Shortly after that observation, the City of Milwaukee Zoning, Neighborhood and Development Committee voted 3-2 to remove the condition from a demolition and new construction certificate granted by the Historical Preservation Commission. Alderpersons Bauman and Tony Zielinski voted against the measure to remove the condition.
Common Council President Willie Hines said the decision was the right one, while praising the work of the HPC and Bauman to make the project better. .
“But a $50 million development will go along way to create jobs, a tax base and eliminate blight,” he said.
Developers with Wave Development LLC and Jackson Street Management LLC appealed the HPCs condition, to push the top three floors of the hotel tower on Milwaukee Street back from the property line 15 feet.
Wave partner Mark Flaherty said the condition was a “deal breaker and job killer.”
Doug Nysse, the project architect, explained that the setback would reduce the number of hotel rooms available from 200 to 176, a 12 percent reduction in potential revenues. He added to maintain the room count two floors would have to be added to the tower, increasing the mass and size of the building.
That would be in direct conflict with the desires of the HPC and its staff to keep the hotel tower in scale with the neighboring buildings.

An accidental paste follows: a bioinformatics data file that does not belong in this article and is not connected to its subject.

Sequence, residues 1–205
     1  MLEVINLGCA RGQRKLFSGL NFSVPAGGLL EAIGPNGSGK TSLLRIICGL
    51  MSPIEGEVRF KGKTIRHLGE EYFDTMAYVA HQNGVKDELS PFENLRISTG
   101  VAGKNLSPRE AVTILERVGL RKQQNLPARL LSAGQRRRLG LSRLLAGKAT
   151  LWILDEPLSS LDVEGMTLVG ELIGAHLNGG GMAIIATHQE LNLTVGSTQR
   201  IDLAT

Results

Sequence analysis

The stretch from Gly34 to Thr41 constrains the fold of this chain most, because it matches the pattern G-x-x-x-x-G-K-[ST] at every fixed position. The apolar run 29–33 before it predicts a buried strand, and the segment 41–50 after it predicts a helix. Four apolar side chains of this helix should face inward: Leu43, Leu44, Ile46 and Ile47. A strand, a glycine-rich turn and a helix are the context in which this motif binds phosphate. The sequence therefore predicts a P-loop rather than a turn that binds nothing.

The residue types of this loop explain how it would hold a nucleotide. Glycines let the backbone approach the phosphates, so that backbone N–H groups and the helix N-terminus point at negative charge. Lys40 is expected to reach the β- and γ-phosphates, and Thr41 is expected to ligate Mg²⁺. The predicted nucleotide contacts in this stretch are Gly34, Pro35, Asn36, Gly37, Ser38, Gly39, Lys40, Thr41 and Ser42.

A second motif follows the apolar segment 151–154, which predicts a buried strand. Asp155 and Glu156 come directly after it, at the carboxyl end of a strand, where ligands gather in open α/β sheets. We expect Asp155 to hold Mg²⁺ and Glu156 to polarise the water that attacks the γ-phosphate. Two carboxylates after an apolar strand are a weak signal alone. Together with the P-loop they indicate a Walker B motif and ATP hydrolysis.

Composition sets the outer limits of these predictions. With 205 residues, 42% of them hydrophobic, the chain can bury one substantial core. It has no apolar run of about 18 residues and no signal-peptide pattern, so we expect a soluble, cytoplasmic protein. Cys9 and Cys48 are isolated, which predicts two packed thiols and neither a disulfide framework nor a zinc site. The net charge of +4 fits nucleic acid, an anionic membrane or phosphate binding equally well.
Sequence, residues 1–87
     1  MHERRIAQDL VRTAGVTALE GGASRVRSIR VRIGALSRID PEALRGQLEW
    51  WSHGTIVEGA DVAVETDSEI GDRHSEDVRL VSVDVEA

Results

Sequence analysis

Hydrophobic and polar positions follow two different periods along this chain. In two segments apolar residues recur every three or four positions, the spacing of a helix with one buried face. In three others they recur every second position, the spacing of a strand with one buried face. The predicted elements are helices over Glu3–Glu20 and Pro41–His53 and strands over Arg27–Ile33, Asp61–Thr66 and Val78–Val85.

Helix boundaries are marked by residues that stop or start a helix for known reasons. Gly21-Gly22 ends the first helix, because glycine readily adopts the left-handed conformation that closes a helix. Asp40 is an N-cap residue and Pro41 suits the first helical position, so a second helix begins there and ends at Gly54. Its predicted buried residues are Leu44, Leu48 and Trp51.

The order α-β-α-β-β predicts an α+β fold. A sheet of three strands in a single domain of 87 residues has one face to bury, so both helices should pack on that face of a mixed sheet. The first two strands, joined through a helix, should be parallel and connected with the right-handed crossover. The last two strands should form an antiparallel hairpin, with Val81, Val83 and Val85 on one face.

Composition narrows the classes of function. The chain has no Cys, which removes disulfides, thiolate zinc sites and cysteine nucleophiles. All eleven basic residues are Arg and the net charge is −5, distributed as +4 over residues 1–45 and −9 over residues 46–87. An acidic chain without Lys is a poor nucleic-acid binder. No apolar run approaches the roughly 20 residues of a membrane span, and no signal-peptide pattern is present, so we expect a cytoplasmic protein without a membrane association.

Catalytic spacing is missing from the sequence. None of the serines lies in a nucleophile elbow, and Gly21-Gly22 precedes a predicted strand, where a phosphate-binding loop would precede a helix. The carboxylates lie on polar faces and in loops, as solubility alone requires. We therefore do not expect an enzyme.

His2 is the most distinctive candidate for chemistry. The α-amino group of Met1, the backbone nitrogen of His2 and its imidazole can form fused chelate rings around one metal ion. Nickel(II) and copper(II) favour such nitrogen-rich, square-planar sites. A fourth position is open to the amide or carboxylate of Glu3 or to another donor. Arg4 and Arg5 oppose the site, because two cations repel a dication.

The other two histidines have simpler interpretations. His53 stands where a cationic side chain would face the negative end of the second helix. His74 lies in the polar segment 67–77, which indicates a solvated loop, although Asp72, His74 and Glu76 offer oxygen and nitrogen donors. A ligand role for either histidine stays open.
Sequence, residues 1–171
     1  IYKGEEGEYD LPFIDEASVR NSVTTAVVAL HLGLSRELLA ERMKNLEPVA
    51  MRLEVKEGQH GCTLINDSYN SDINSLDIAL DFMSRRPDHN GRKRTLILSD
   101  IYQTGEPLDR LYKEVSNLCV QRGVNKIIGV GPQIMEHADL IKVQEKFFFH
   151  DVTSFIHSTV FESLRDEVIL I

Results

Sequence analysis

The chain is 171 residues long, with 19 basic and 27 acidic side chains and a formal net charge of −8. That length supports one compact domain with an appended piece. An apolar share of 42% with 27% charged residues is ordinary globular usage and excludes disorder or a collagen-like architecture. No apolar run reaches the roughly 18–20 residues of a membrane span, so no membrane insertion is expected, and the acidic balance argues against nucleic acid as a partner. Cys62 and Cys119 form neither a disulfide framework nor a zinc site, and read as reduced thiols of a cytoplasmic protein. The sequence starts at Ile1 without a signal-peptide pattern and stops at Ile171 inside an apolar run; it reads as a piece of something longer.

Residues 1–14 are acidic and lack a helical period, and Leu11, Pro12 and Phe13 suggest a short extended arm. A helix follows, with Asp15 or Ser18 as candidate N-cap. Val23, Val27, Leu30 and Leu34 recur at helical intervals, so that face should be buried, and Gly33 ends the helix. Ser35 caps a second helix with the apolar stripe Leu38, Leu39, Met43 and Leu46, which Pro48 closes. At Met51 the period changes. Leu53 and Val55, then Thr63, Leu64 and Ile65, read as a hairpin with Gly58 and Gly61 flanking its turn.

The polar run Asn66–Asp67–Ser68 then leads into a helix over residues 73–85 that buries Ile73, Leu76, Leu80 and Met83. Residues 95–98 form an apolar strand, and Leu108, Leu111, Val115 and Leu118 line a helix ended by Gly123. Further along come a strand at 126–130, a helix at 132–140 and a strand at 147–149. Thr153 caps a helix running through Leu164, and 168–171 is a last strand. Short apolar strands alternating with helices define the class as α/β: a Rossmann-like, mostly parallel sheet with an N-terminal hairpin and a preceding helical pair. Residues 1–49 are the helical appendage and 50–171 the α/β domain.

David Uihlein, an architect and owner of the McGeough Building located just south of the proposed development, had suggested the 15 foot setback at Monday HPC meeting and came to Wednesday’s meeting with full drawings of how the setback could work. He told the ZMD committee that in his professional opinion that his drawing could meet the conditions set by the HPC.
But other architects and contractors rebuffed Uihlein’s opinion, saying the setback condition would cost the investors an additional $2.4 – $4 million.
“It is easy to draw something and prove it works but then he doesn’t have to pay for it,” Dennis Klein, owner of KBS Construction .
Wednesday’s meeting included discussion that was previously blocked – the economic impact of the project. At least 30 members of the Service Employees International Union filled the hearing room, waving placards saying “We Need Good Jobs Now.” Others testified that the committee couldn’t afford to pass this project by, which could provide 350-450 construction jobs and 200 hotel positions.
But historical preservationists tried to convince the committee that restoration and preservation would provide more jobs and economic benefits than new construction.
“It is unfair to pit preservation against jobs,” said Anna-Marie Opgenorth, Executive Director of Historic Milwaukee. “Preservation creates more jobs, more economic activity and more value. I support the project, but I do not support the disregard for historic and economic value of these buildings and the Historical Preservation Commission. Any demolition will destroy the wealth in these historic buildings. I suggest all of you get educated to the real value of these buildings.”
After all of the talk, the majority of the committee seemed to feel the economic impact of a Marriott Hotel in downtown Milwaukee was too great to pass by.
The vote didn’t surprise Opgenorth, but she is not deterred.
“I will continue to make sure our point of view is out there and that people know the benefits of historic preservation. That it keeps more money in Milwaukee and increases the value of new construction.”
There will be one more crack at this issue at next Wednesday’s Common Council meeting, where a supermajority of 10 members will be needed to pass the proposal.